According to the latest figures, the number of people aged 60 or over in China has reached 212 million at the end of 2014, accounting for 15.5 per cent of the country’s population, with the number of disabled elderly people approaching 40 million.

The United Nations has predicted that people over age 65 will account for 18 per cent of China’s population by 2030, double the number in 2011 which will have a negative bearing on China’s labour availability.

By 2050, China is expected to have nearly 500 million people over 60, exceeding the population of the US.

The ageing population has brought greater demand for elderly care services.

According to a report published by Price waterhouse Coopers earlier this month, Chinese people will spend over USD 1.54 trillion from 2016 to 2020 on elderly care, increasing 17 per cent per year.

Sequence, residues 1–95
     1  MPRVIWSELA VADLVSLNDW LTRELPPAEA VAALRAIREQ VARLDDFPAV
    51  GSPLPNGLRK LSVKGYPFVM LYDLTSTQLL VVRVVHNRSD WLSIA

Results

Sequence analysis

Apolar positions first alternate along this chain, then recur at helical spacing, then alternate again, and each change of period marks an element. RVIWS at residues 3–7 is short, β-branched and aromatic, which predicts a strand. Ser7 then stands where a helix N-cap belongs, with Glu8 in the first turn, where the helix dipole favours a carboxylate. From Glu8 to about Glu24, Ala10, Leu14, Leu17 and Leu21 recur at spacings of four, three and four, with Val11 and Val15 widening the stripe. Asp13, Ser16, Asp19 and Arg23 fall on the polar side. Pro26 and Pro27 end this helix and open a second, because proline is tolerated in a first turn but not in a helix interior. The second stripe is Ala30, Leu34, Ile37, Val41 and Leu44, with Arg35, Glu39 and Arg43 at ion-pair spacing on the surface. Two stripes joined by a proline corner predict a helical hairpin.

economic times

11 Comments on "China officially ends one child policy"

  1. makati1 on Sun, 27th Dec 2015 7:26 pm 

    …and most are choosing to only have one child anyway because of the cost of raising a child in today’s world. At least they now have the option.

    Then the article devolves into Imperial propaganda and fuzzy numbers.

    Lets see, 5 years, times $505 Billion (US Medicare and Medicaid annual cost) = $3+ Trillion outlay by the US for elderly care with 1/4 the population in the next 5 years. 2016-2020.

    Another negative article on big, bad China, brought to you by the Imperial Propaganda Department.

    Look in the mirror, Americans. You have a worse problem, now.